Age is just a number

Age is just a number for these young investors who have joined the party on D-Street after witnessing a meltdown back in March 2020.

“The age range of new-age investors is around 25-40, and, currently, women investors, as far as our company is concerned, account for 27 per cent of the total demat accounts, which is quite less compared to male investors and can be seen as a room for growth to increase demat accounts,” says Sood of Findoc.

Dinesh Thakkar, CMD, Angel Broking Ltd, told Moneycontrol that they have been witnessing larger additions of millennial clients. The average age of clients on-boarded has continuously dropped from over 35 years in FY19 to 30 years today.

“The overall client base doubled to approximately 38 lakhs in February 2021, compared to just over 18 lakhs in March 2020. Since our successful digital transformation, our acquisition channel has been purely digital,” he said.

Key learnings investors should keep in mind

The last one year (FY21) turned out to be good for many new-age investors, but that should not be the criteria for basing investment decisions in FY22, advise experts.

The rising tide, fuelled by strong global liquidity, lifted stocks across the large-, mid-, and small-cap space. The market is made up of cycles; hence, investors should only invest in quality and well- managed companies.

“When the stock market crashed in March, there was a lot of panic but nobody expected the market to touch the highs it did within a few months. If you stay invested in well-managed companies for a longer time frame, returns are not impacted due to short-term developments,” says Jain of Groww.

“A key learning for investors in FY22 is not to base their investment decisions on a single year’s market performance,” he said.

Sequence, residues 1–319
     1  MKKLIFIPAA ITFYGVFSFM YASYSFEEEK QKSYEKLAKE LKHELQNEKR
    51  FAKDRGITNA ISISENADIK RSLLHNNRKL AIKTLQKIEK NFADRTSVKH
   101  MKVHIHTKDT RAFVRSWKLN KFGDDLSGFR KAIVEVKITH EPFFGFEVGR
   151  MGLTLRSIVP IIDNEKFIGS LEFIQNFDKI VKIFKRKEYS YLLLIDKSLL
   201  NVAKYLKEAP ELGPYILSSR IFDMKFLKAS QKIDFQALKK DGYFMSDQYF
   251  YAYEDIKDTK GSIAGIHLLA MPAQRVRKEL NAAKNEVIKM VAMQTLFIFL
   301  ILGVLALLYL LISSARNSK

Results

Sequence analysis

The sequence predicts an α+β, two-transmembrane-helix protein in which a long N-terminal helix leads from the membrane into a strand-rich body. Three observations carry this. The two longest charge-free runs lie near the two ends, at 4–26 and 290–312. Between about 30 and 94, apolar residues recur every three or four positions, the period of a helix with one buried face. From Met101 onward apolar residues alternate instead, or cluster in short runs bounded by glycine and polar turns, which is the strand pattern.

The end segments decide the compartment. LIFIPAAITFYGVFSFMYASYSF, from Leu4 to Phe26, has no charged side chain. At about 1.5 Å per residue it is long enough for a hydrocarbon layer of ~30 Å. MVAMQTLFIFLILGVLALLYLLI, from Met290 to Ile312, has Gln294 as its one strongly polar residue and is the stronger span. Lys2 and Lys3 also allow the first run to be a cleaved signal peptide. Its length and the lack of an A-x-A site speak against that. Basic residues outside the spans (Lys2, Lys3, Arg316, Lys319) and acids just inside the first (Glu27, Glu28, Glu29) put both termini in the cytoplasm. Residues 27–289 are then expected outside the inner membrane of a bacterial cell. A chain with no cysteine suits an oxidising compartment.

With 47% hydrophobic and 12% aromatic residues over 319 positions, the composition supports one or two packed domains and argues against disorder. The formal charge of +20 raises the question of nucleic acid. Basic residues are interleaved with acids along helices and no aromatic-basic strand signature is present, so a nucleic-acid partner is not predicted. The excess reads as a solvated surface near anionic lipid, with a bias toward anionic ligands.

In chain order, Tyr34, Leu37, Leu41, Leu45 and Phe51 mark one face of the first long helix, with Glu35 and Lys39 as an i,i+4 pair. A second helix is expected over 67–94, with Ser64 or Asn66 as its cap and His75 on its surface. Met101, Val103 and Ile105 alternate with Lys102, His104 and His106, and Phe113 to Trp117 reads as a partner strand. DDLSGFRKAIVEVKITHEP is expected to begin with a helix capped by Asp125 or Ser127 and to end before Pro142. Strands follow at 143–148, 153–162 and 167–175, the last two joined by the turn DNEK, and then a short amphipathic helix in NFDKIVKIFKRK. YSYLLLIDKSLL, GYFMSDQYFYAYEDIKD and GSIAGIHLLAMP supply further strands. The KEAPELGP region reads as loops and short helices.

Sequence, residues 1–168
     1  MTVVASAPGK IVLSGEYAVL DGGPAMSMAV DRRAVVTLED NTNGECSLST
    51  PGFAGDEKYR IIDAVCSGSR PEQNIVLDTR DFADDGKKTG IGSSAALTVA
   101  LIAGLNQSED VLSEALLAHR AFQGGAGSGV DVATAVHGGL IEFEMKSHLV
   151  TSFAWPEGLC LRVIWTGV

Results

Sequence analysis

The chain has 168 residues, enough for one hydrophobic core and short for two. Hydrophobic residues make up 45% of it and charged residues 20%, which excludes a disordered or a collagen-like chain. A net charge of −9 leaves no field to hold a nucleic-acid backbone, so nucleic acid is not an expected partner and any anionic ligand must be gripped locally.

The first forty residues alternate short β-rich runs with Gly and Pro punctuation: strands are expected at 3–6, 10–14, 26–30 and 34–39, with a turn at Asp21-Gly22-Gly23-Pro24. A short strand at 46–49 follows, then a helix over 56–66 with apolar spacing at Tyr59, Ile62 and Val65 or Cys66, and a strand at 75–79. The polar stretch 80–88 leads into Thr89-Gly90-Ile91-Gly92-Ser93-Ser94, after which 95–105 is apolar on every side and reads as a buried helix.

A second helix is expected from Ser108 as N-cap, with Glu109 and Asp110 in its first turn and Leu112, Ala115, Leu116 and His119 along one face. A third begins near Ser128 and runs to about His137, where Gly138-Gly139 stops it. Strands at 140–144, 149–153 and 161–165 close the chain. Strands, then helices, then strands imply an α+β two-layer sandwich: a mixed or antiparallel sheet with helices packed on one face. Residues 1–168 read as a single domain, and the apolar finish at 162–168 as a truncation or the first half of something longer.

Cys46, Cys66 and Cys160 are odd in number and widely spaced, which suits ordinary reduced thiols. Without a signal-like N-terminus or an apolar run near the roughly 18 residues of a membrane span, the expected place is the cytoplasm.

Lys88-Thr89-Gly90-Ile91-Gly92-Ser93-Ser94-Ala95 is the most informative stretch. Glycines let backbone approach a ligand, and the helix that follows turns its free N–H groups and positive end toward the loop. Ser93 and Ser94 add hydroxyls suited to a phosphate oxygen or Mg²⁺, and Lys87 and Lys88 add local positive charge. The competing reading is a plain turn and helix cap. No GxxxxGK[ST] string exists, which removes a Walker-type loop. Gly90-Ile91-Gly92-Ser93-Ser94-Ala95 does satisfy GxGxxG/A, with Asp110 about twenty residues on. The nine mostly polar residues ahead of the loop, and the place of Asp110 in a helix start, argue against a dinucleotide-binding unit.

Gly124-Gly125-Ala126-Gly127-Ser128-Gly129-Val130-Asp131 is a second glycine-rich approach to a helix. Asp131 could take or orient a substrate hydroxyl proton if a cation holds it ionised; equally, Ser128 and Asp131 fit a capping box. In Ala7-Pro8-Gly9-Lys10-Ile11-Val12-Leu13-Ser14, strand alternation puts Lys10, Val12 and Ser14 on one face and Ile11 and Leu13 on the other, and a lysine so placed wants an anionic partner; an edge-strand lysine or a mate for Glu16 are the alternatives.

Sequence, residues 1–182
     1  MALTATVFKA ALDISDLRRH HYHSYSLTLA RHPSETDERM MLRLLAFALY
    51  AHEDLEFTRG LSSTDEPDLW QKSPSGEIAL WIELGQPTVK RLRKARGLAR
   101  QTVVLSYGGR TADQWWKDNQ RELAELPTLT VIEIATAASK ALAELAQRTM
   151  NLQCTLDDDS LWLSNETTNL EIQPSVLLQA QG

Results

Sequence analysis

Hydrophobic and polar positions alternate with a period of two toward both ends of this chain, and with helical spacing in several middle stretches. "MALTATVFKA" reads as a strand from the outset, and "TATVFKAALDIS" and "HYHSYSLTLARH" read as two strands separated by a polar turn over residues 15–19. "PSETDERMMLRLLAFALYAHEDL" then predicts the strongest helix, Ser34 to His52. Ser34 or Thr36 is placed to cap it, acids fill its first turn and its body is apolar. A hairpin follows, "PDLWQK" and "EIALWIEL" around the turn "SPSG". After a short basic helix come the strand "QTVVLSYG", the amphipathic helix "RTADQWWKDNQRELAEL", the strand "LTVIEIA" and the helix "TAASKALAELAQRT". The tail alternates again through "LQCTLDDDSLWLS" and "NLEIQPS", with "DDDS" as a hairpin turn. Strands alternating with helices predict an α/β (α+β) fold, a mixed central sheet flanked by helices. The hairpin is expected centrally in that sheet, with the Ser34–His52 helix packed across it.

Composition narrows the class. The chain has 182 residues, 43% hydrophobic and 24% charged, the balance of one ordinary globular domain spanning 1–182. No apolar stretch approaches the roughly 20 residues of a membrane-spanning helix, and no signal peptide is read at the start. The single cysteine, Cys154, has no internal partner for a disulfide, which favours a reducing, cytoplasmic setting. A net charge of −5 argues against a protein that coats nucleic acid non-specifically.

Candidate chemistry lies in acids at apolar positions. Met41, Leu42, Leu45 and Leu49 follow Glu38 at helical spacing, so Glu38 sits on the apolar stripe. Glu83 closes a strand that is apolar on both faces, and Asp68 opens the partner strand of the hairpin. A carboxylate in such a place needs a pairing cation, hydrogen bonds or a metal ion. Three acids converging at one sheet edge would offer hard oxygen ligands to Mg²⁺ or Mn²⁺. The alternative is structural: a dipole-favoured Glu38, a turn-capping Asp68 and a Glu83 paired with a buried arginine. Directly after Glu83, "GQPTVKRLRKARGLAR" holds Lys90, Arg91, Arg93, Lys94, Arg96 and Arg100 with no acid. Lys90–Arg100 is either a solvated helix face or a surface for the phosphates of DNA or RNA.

Lack of understanding of risks

Experts have also found that new-age investors who joined D-Street in 2020 lack understanding of key risks.

“There is a fascination to invest in equities, combined with the fact that with interest rates so low, it has almost become a necessity to allocate some part of an investor’s portfolio into the markets and take some calibrated risk to generate a decent return,” Sanjay Sachdev, Managing Director Freedom Financial Services LLC, told Moneycontrol.

“The young population group of 25-54 years seems to have a high-risk appetite and have started investing in equity mutual funds. However, there is a lack of understanding of risks associated with investing directly in equities compared to either Mutual Funds or ETFs and that may possibly lead a lot of investors to burn their fingers and learn the hard way,” he said.

Sachdev clarified that we are already seeing that SIPs are witnessing consistent redemptions month after month for the last nine months, and that is not a good sign.

Be patient

Last year, the stock market has given tremendous returns, with IT and pharma leading the way. Markets itself teach you in each cycle.

Last year had seen new-age investors earn good returns but this may not be the case, going forward. Returns may not be the same going forward, says Sood of Findoc.

“There is a saying by Warren Buffet: ‘Stock market is a device for transferring money from the impatient to the patient’. So be patient and focus on good-quality stocks as they give returns in a range-bound market,” he added.

Disclaimer: The views and investment tips expressed by experts on Moneycontrol.com are their own and not those of the website or its management. Moneycontrol.com advises users to check with certified experts before taking any investment decisions.